On the corner: In Kingston Central, Thwaites backers plot a whipping for Chin
People's National Party (PNP) supporters in Kingston Central are bullish about the chance of Member of Parliament (MP) Ronald Thwaites winning a fourth term in the constituency, which has traditionally been a safe seat for the Comrades.
The 70-year-old Thwaites will be challenged by the Jamaica Labour Party's (JLP's) Robert Chin, but the PNP backers have dismissed the latter as being of no threat.
"We all know Mr Thwaites. We don't know who he is running against, so there is no competition," Richard Robinson, a PNP supporter, told our news team when we went On The Corner at Thwaites' North Avenue constituency office last Monday.
Another Comrade, Rozena Anglin, argued that Thwaites was a known performer, while Chin was an unknown to the constituency.
"My MP, Comrade Ronald Thwaites, is a very decent people person. He assists everybody and anybody. He is not a partial person," said Anglin.
"I don't even know Robert Chin. I have never seen him before, so I can't tell you anything about him."
Thwaites first captured the seat in 1997 and held it until 2002 before stepping down from representational politics amid allegations of professional impropriety. He was cleared of any wrongdoing by then Auditor General Adrian Strachan and returned to recapture the seat in 2007 and has retained it since.
Constituency secretary Lawrence Rowe said since Thwaites' return as MP, he has gone about improving infrastructure, with his efforts not being limited to PNP areas.
"In most of his programmes, persons of all political stripes have benefited," said Rowe as he pointed to a recent housing development in the JLP stronghold of Southside.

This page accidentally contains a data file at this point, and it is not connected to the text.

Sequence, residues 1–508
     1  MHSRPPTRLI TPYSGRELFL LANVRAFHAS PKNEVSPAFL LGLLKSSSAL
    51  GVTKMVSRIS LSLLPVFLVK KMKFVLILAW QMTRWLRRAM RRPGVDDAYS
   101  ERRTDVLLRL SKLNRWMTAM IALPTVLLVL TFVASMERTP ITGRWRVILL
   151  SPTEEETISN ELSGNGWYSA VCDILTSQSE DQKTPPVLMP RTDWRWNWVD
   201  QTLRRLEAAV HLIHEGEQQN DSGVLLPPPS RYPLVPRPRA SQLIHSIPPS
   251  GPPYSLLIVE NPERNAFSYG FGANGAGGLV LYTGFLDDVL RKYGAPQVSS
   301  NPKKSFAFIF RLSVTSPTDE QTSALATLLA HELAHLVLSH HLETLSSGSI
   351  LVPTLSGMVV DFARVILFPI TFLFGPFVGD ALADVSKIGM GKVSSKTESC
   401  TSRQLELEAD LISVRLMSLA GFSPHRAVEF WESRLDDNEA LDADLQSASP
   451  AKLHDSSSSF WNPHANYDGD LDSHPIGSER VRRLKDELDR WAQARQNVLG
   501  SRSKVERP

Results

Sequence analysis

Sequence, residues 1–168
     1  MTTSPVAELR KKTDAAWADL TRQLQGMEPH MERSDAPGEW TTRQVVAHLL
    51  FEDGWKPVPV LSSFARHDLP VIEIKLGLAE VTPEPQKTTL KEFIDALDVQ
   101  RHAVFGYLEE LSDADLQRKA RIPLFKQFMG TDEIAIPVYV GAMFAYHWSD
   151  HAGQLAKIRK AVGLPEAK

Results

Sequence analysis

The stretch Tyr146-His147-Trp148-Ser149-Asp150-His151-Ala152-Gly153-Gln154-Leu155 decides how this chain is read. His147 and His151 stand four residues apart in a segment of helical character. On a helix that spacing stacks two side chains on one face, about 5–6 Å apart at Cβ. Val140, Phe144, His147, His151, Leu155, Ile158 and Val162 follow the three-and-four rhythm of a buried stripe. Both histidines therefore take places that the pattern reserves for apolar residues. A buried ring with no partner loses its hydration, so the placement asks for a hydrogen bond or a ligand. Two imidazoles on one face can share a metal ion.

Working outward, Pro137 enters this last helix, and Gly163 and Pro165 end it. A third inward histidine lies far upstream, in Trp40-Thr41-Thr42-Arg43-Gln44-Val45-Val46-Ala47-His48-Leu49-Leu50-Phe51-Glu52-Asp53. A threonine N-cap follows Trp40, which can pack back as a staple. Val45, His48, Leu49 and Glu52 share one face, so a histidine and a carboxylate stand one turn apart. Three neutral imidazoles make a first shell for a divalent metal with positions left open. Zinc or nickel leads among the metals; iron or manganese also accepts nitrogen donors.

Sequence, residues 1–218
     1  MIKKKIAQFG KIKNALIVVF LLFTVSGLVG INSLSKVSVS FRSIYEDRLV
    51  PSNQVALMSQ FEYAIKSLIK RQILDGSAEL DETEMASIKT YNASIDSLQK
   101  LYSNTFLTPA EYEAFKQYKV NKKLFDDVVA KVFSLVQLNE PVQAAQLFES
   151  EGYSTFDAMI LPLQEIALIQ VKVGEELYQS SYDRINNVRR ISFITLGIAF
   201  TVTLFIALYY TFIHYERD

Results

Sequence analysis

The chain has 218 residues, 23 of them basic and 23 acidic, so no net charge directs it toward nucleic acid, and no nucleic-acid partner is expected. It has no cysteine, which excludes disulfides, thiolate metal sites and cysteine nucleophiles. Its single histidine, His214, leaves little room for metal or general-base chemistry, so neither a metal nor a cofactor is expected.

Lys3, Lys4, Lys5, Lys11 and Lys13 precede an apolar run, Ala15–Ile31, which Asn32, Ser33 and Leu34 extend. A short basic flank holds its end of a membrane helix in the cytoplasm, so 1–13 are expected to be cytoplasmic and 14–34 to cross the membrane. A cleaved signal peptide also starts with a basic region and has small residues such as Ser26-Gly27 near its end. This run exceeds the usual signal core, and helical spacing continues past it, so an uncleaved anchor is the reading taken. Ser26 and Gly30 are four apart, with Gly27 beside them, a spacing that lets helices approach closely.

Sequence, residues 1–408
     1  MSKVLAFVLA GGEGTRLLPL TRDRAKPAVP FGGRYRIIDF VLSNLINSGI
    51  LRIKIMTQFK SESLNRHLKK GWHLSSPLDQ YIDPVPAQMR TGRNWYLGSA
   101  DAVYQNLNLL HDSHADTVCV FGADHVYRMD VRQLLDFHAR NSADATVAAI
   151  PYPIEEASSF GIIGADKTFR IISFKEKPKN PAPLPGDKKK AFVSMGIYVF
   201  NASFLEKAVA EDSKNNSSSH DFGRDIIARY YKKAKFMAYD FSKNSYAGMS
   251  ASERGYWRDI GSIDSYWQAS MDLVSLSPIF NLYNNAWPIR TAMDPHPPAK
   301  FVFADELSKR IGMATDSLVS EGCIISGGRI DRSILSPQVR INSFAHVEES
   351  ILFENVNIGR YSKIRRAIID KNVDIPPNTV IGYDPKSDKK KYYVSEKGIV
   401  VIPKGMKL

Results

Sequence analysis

"Fire was around by Goodwin Park, and they have received housing even before some PNP persons, who are now without housing and were burnt out from last year. So it would be untrue to say he has been biased in his doings," argued Rowe.
While insisting that progress has been made in the constituency, especially with regard to the improvement of the road network, Rowe conceded that the housing stock and bad roads were still pressing issues.
The Central Kingston constituency includes several inner-city communities that are plagued by violence, with a high-level of unemployment, with several persons struggling to find proper housing.
But Delvin Campbell has defended Thwaites, saying he and others before him have tried to remedy the housing problem but have faced challenges.
"I know for a fact that the member of Parliament, both present and past, has tried on several occasions to solicit lands to build homes for persons within the constituency. There is an issue with the availability of space," said Campbell.
"The constituency is one of the most jampacked, so it very difficult to get the lands to build the houses. The idea is there, but he has always had challenges. Also, I know for a fact that there has been challenges in getting the necessary funding through the National Housing Trust to get the housing plans off the ground for places that he has identified.
"So it is not a case that he has not tried. We know that he has tried, and there are areas in the constituency that have benefited from housing. it is just that it has not been on the scale that we would have hoped."
Andrea Gutzmore reasoned that with "most of the roads having been fixed", Thwaites, who is also the minister of education, can focus on the housing situation during his next term, while highlighting his commitment to education.
"We should vote for Mr Thwaites because he is strongly pushing education ... and education is the only vehicle that will push us forward," said Gutzmore.
"Mr Thwaites pays CSEC fees for almost all of his constituency students who can't afford it - and that is a wide range. And persons are now educated and realise that dollar politics not going anywhere. it is education."